Neptune Frost 2021

Directed by Anisia Uzeyman, Saul Williams Widescreen

Saul Williams and Anisia Uzeyman’s one-of-a-kind feature is an Afro-futurist science-fiction musical centred on a grieving coltan miner and an intersex hacker who find liberation through technology.

Aug 01

Hollywood Avondale

Aug 02

ASB Waterfront Theatre

105 minutes DCP
M
Violence, offensive language & nudity

Producers

Maria Judice
,
Ezra Miller
,
Saul Williams
,
Anisia Uzeyman

Screenplay, Music

Saul Williams

Cinematography

Anisia Uzeyman

Editor

Anisha Acharya

Costume designer

Cedric Mizero

Cast

Cheryl Isheja, Elvis Ngabo “Bobo” (Neptune), Bertrand Ninteretse “Kaya Free” (Matalusa), Eliane Umuhire (Memory), Rebecca Muciyo (Elohel), Trésor Niyongabo (Psychology), Dorcy Rugamba (Innocent), Eric Ngangare “1Key” (Potolo)

Festivals

Cannes (Directors’ Fortnight), Toronto, New York, London 2021; Sundance, Rotterdam, San Francisco 2022

Elsewhere

“This ardently imaginative science-fiction musical is set in an unspecified African police state that censors media, suppresses protest, and nourishes its kleptocracy via murderously authoritarian management of its coltan mines. A young miner named Matalusa (Bertrand Ninteretse), after the killing of his brother, flees the capital for an encampment of technocentric revolutionaries. There, he joins forces with a gender-fluid character named Neptune, who’s played by both a male actor (Elvis Ngabo) and a female one (Cheryl Isheja). Neptune, with a metaphysical connection to the precious coltan, enables the group to take over the Internet and, under the name of Martyr Loser King, broadcasts the protesters’ message to the world.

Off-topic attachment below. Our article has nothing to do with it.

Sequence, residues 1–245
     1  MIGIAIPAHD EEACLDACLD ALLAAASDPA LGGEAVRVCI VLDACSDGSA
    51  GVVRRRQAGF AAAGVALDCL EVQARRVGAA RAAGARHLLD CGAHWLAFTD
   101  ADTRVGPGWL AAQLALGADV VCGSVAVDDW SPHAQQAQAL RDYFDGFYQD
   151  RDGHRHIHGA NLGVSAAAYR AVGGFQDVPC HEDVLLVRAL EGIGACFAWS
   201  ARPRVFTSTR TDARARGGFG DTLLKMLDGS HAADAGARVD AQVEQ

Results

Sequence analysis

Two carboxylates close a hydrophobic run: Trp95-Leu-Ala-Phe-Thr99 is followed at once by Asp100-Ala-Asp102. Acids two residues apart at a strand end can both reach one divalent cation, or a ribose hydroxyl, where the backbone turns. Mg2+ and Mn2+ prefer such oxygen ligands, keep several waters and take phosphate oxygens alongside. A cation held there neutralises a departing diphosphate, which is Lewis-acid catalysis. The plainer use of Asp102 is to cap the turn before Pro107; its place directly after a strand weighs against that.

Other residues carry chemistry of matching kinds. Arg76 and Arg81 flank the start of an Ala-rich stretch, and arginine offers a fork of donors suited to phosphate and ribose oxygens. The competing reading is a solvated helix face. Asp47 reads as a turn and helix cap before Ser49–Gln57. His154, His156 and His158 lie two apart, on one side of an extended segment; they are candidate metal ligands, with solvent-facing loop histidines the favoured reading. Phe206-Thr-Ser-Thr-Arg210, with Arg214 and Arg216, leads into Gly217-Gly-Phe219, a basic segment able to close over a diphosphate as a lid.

The directors, Saul Williams (who also wrote the script and the music) and Anisia Uzeyman (who also did the cinematography), conjure this fantasy world with fluorescent costumes, extravagant special effects and boldly choreographed production numbers that match the enthusiastic music. Yet for all its defiant energy, the movie is far from utopian; the filmmakers’ visionary speculations are balanced by a chilling realism and a sense of political tragedy.” — Richard Brody, New Yorker